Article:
Low-impact tracing profilers allow you to cover far more ground quickly, and on applications that cause debuggers to choke. Example for the former is a GUI application which is sluggish, but not slow enough to allow you to switch applications to the debugger and pause. I ran into this when tuning the performance of a code editor product - it was just slow enough to be annoying, without being so slow you could apply simple tricks to it.
For the latter, consider a D3D game. Trying to pause a fullscreen game in a debugger is a nightmare, as you lose your video resources when you switch apps. If you tried to sample it with the debugger technique above, you'd be spending all your time in the driver, loading resources.
Pardon me, but you don't need to "cover ground". Performance problems are not needles in haystacks. The worse they are, the more obvious they are. But you are right, dropping in on a program at random is not always easy to do. For the first problem, if something takes less than a second, you can put a loop around it - do it 100 times, find/fix the problem, then take away the loop. For the second problem, I've done extreme things to get call stack samples. On one project, I used an in-circuit emulator. On another, I made an "alarm-clock" signal dump the program. On another the CPU had a "halt" button on the front panel - then I could toggle through memory and read the lights. It wouldn't be worth the trouble if there were a better way. In head-to-head comparisons, "stackshots" show the problem immediately. Profilers only give statistics, graphs, and colorful displays to puzzle over. MikeDunlavey 20:30, 18 October 2007 (UTC)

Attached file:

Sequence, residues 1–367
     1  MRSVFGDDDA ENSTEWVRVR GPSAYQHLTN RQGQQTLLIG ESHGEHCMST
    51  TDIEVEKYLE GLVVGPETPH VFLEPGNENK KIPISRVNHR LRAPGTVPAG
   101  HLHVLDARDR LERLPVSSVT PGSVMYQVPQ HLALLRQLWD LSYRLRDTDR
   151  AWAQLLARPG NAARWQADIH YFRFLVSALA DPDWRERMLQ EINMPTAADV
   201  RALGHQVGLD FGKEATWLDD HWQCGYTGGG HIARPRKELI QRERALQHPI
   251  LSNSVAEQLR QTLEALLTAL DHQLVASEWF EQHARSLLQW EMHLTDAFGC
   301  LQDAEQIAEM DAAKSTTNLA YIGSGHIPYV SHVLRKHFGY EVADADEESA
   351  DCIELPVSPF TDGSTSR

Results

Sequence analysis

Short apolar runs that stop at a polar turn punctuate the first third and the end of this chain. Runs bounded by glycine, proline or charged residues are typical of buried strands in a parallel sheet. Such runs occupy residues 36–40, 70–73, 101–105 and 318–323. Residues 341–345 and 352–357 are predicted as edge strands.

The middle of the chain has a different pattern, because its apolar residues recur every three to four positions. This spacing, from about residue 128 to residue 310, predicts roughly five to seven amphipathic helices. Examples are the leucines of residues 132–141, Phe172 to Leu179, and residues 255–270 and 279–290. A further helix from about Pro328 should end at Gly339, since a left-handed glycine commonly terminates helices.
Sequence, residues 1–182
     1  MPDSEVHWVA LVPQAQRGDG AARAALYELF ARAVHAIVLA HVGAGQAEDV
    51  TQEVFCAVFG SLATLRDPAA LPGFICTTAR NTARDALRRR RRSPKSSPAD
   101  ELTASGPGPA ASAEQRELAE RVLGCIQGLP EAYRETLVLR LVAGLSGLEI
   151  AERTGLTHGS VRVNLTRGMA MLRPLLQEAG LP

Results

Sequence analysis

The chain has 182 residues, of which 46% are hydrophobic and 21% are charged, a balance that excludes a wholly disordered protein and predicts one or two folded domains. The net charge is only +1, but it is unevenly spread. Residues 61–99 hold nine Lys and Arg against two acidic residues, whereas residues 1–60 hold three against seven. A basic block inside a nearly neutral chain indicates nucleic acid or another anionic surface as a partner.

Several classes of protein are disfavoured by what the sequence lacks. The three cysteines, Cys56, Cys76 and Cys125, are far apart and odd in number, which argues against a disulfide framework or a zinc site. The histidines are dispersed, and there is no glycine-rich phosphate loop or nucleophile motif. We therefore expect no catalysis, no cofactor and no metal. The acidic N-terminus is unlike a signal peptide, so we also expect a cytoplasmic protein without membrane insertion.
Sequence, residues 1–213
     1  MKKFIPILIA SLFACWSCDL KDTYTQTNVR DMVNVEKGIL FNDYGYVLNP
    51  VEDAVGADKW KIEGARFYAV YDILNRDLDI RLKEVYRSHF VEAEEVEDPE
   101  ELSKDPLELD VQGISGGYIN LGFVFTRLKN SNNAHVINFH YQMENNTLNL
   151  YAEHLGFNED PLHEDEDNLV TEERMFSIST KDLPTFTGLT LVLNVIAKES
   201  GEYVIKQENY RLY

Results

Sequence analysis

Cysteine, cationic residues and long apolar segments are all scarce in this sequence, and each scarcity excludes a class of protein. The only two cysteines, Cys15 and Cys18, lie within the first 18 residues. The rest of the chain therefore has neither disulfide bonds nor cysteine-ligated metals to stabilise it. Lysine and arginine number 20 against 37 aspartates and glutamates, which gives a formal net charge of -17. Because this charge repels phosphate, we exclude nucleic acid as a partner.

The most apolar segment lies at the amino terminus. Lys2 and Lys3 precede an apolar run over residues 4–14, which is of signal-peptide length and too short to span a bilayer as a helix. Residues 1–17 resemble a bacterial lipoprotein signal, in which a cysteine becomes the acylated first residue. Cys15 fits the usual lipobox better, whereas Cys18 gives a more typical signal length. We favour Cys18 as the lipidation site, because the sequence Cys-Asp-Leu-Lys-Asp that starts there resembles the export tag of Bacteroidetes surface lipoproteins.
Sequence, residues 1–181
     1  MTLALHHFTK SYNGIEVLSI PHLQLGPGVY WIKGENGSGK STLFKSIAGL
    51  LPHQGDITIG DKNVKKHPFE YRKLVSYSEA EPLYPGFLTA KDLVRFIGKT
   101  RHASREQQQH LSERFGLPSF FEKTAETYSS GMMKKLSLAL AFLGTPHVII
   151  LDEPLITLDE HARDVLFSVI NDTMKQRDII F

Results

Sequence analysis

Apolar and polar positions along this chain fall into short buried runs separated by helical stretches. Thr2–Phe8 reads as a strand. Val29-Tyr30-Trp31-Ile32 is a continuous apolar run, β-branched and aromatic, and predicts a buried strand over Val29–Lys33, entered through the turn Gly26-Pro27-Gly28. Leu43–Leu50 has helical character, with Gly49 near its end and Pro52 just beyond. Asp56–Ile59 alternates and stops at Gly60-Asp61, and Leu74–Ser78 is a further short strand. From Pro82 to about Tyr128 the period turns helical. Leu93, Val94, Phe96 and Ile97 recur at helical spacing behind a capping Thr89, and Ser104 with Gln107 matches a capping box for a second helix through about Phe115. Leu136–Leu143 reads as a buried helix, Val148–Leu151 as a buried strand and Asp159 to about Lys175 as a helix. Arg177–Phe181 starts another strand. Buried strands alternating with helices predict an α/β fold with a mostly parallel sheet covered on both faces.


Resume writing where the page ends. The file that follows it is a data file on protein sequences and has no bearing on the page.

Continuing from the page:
I think all we've really managed to say here is that the current breed of profilers aren't doing their job properly. I'm personally quite fond of a little .NET tool that takes you straight to your performance problem. Run it up, do the slow thing, let it crunch the numbers, and `hey, here's your perf issue` a couple seconds later. Sure, you could do it by hand, but I'd rather automate the bits I can. However, I'm a profiler vendor, so I'm biased ;) --Jim —Preceding unsigned comment added by 18.104.22.168 (talk) 21:28, 23 October 2007 (UTC)
Understood, but I bet the programs you profile are either small or have lots of small functions. I'm accustomed to ugly million-liners, and profilers I've seen tell you piles of nothing. I built a tool once to automate the stack-sampling approach. It had a graph-browser style UI. It worked pretty well, but still took longer than the manual method which lets you see all the context and really understand what it's doing. Just last week I pinpointed three major problems in less time than my teammate could even think about setting up the profiler. I could say this is what it's spending X% of its time doing and maybe it doesn't need to. Result - massive speedup.